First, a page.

Cryptosporidium in swimming pools can cause of diarrhea

Cryptosporidium in swimming pools can cause of diarrhea

Maintaining pool hygiene and self management are key to warding off this dangerous parasite

 New Delhi, May19, 2017: In what can be called as avoiding another risk factor in the summer months, experts have advised against consumption of swimming pool water. Any inadvertent ingestion of even chlorinated pool water can produce cryptosporidium which results in stomach upset. Statistics indicate that the prevalence of this disease in diarrhoea patients in India is 1.3% from Northern India, 4.5% from the eastern part of the country (West Bengal), 5.5% from South to West (Mumbai), and 13.1% from South India.

“Cryptosporidium” or “Crypto”, the microscopic parasite can make otherwise healthy adults and children feel incredibly sick with stomach cramps, nausea, and bouts of diarrhea lasting up to three weeks. Once a pool or water playground is infected with crypto, it is easy to spread, but not easy to get rid of. The parasite can survive up to 10 days in properly chlorinated water, and it takes just a swig to get sick.

Speaking about this, , Padma Shri Awardee Dr K K Aggarwal, National President Indian Medical Association (IMA) and President Heart Care Foundation of India (HCFI) and Dr R N Tandon – Honorary Secretary General IMA in a joint statement, said, “The infection begins when a person ingests the one-celled cryptosporidium parasite. There are some strains of cryptosporidium which can cause more serious issues. This parasite can travel to the intestinal tract and settle into the walls of the intestines. Once this happens, more cells are produced and shed in massive quantities into the feces becoming highly contagious with time. It is difficult to eradicate this parasite because of its resistance to many chlorine-based disinfectants and filters.”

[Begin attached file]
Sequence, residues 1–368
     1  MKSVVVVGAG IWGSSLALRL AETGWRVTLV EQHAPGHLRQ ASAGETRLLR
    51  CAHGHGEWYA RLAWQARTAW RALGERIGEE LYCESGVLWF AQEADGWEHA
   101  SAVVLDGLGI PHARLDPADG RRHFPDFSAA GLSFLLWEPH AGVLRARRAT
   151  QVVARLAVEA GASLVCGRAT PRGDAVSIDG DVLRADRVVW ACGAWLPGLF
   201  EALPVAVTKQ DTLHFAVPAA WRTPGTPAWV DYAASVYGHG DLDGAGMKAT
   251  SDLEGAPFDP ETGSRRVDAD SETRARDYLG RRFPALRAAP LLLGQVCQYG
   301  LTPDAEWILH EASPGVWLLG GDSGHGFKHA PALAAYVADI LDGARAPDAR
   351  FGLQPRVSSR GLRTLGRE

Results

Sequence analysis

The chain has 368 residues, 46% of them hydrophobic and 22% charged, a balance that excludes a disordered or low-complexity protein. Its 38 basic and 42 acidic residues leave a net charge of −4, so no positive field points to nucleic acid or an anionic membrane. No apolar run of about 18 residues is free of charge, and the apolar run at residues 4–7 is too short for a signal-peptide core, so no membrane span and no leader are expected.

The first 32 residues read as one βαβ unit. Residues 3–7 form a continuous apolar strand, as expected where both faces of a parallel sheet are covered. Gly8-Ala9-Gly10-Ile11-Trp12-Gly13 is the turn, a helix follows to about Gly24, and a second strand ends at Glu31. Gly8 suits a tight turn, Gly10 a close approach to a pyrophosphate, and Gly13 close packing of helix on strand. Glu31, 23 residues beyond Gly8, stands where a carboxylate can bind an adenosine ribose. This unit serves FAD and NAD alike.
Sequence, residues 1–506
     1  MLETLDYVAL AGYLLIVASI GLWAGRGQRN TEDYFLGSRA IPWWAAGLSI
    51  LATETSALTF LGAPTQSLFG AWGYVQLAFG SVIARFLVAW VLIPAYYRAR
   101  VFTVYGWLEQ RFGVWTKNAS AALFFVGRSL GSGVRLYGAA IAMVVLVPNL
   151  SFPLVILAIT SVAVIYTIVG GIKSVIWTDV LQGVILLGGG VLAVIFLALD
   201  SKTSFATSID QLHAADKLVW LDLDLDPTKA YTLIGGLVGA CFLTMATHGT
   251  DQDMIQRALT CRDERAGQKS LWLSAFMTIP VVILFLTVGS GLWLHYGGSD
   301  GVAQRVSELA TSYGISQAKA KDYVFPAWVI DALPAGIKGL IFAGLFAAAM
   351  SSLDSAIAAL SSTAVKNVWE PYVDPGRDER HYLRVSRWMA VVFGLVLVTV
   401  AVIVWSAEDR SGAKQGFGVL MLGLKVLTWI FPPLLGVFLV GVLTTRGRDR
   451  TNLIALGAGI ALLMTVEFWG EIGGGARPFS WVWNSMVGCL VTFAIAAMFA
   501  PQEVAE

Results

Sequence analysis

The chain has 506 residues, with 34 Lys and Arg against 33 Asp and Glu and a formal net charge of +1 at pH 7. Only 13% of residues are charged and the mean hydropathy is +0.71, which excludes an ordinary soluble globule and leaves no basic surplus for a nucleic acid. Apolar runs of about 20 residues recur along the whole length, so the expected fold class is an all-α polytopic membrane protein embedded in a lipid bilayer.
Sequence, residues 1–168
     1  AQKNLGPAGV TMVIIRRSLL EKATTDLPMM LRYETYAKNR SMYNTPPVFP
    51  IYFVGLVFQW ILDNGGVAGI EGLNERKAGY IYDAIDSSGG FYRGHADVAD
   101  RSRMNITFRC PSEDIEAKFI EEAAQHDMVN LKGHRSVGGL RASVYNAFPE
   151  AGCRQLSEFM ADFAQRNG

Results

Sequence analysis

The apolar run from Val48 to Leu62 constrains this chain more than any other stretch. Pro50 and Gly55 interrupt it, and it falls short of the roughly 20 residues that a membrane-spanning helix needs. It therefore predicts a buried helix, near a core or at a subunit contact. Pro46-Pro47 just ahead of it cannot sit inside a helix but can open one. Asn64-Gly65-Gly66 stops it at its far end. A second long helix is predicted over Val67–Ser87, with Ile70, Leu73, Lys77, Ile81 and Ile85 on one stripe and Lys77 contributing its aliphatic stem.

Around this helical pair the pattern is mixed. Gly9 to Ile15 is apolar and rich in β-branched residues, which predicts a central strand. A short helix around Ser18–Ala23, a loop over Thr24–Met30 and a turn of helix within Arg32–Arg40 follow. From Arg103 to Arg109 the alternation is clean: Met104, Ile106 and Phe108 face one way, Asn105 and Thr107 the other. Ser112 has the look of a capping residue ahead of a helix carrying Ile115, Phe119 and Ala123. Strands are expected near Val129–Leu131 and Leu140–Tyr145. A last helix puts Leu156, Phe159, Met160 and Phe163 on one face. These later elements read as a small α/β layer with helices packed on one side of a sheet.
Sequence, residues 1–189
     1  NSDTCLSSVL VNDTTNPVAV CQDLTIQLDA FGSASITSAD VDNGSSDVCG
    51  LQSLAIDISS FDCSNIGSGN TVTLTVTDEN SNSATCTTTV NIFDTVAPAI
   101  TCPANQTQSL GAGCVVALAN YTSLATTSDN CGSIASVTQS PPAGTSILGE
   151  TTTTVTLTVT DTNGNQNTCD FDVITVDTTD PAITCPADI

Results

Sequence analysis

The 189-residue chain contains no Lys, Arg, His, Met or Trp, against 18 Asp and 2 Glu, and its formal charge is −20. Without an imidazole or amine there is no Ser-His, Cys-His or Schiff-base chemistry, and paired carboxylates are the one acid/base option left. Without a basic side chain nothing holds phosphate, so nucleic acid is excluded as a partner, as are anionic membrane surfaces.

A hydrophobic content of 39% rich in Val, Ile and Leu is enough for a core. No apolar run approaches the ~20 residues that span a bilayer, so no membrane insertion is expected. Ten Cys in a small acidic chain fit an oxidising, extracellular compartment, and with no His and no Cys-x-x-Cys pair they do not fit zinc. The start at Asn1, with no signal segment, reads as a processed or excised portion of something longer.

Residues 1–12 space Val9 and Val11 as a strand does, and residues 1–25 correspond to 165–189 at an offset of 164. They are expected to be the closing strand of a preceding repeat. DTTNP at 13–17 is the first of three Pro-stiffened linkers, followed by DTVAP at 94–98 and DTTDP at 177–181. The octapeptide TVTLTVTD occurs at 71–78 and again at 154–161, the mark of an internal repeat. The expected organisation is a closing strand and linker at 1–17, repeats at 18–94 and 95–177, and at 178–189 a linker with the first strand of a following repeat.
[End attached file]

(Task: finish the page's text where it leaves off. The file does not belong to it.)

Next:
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The only way to ensure the health of the water once it has been infected is to close the pool and treat it with extremely high levels of chlorine. At an individual level, it is important to take precautions when swimming in pools.

Adding further, Dr Aggarwal, said, “Avoid swallowing any water and rinse it off in the shower once you get out of the pool. It is also better to avoid the pool while you are sick and wait for two weeks after symptoms subside from a suspected case of crypto before going swimming.”

Additionally, the following steps can be taken as part of self-management against contracting this disease.

  • Use the toilet before entering the pool
  • Shower and wash thoroughly all over with soap before entering the pool
  • Take kids on bathroom breaks. Check diapers, and change them in a bathroom or diaper-changing area–not poolside–to keep germs away from the pool.

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